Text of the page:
The next section was entitled "The Brexit Negotiations and Possible Outcomes." Now if this were a genuinely independent piece of economic research, this section would have contained an evaluation of the economic effect of each of the various alternatives currently being discussed and the budget consequences arising from them. But what this section actually did was explain why Economists for Free Trade think the Chequers deal is a really bad idea, and propose a Canada+ FTA as a much better alternative, with what they call a "World Trade Deal" as a backstop.

There is, of course, no such thing as a "World Trade Deal". What they mean is exit from the EU with no trade deal, so that subsequent trade is on WTO terms only. Trying to spin this as a trade deal, and repeating discredited calculations of its benefits, shows Economists for Free Trade to be nothing but a bunch of charlatans.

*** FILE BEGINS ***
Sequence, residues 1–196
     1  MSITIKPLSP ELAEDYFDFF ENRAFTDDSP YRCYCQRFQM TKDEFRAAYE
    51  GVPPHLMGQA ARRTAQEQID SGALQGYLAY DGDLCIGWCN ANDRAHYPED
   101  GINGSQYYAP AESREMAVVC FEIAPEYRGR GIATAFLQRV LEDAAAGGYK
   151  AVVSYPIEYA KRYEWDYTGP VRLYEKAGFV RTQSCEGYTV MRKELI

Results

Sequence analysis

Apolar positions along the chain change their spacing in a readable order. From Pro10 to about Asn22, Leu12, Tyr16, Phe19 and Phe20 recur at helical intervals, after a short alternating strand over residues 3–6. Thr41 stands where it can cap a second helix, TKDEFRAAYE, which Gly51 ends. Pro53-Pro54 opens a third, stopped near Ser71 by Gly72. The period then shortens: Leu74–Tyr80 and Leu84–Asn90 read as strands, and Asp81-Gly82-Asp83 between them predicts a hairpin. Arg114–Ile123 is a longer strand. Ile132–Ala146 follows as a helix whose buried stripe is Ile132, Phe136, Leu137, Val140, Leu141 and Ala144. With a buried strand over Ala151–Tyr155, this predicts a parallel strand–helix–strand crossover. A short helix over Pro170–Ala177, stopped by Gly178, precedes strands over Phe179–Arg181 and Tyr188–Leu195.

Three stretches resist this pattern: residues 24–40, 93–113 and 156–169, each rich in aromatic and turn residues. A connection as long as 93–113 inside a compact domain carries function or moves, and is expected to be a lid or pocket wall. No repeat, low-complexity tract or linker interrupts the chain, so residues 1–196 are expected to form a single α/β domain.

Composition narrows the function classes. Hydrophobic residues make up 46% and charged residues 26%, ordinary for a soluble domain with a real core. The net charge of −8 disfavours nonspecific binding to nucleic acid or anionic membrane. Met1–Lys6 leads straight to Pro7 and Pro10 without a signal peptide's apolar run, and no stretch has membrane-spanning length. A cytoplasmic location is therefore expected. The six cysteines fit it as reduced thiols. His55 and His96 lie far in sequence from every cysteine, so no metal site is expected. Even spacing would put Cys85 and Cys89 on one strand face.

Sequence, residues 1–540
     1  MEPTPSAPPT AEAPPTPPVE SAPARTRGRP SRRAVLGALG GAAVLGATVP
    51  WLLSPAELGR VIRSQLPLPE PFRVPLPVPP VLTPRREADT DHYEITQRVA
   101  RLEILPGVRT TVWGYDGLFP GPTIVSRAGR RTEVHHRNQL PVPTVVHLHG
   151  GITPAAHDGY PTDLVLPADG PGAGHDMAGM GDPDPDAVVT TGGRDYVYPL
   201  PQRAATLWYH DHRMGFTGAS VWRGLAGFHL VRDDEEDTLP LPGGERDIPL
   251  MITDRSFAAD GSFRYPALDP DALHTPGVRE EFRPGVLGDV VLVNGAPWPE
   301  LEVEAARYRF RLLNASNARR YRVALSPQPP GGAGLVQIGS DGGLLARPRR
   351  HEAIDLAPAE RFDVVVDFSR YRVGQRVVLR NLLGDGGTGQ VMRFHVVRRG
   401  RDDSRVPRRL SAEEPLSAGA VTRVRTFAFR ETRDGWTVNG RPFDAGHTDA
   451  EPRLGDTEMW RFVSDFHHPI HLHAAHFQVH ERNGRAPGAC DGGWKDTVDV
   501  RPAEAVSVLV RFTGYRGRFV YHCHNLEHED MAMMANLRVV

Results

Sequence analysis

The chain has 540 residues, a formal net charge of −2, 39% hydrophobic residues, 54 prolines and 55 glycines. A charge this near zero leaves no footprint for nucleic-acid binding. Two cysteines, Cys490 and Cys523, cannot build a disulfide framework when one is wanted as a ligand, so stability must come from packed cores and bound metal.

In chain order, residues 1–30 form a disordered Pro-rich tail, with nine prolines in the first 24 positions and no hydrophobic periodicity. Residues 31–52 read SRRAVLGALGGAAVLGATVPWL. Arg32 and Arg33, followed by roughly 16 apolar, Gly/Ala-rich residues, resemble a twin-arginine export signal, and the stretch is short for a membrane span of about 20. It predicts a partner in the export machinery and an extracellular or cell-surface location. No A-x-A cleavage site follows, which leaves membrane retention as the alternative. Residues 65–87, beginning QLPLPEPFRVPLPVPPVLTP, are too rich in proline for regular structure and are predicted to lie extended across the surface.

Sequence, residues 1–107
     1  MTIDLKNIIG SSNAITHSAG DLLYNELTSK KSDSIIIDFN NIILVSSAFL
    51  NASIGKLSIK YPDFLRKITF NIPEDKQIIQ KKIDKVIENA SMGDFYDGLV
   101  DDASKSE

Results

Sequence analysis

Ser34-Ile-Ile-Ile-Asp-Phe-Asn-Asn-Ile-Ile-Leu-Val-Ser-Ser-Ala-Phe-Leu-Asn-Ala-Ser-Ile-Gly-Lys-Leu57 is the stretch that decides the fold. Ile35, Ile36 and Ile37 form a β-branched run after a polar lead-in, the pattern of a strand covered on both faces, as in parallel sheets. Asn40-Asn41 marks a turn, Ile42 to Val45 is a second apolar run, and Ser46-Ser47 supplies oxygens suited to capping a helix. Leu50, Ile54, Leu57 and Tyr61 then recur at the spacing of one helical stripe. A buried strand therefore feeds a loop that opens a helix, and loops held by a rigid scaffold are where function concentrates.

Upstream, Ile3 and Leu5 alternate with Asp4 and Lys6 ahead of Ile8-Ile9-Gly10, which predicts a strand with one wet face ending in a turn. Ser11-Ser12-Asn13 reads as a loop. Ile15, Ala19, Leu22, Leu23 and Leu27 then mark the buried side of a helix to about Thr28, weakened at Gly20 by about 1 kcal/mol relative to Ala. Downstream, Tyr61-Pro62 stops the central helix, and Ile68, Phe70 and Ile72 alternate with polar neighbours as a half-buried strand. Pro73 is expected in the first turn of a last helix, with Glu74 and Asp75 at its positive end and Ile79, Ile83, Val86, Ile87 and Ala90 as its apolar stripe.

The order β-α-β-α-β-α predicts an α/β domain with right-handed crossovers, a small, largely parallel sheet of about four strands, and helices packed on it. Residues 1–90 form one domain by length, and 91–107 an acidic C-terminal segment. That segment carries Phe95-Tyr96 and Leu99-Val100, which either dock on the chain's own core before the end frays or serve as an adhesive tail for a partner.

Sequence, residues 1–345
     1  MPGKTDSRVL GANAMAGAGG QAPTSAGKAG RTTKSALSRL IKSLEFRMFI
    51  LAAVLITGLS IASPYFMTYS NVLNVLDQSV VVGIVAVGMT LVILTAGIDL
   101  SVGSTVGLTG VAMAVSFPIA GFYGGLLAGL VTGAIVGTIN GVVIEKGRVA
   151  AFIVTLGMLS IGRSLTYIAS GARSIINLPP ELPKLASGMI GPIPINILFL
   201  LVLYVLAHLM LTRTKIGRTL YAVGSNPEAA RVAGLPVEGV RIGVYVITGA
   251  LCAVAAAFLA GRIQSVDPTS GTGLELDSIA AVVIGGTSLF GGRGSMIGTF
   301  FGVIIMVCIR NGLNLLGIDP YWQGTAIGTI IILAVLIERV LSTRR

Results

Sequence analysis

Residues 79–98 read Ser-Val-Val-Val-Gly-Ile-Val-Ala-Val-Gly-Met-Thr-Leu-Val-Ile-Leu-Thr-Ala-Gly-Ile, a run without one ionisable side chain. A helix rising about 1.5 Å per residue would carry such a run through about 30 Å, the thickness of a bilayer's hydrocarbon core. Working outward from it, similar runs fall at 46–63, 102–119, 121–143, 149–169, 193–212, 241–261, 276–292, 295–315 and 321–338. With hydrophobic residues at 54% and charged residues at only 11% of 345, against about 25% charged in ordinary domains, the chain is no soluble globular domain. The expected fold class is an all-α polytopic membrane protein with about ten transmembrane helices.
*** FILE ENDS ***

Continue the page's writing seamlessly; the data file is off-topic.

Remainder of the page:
By now I was on page 12 of an 18-page report, and had yet to see a robust economic forecast or a coherent Budget proposal. In their previous report, Economists for Free Trade spent a third of the piece criticising the Government. This time was even worse. More than half the piece was spent criticising the Government, decrying the competence of other forecasters, and promoting Economists for Free Trade's own preferences for Brexit. It must be one of the most polemical Budgets in history.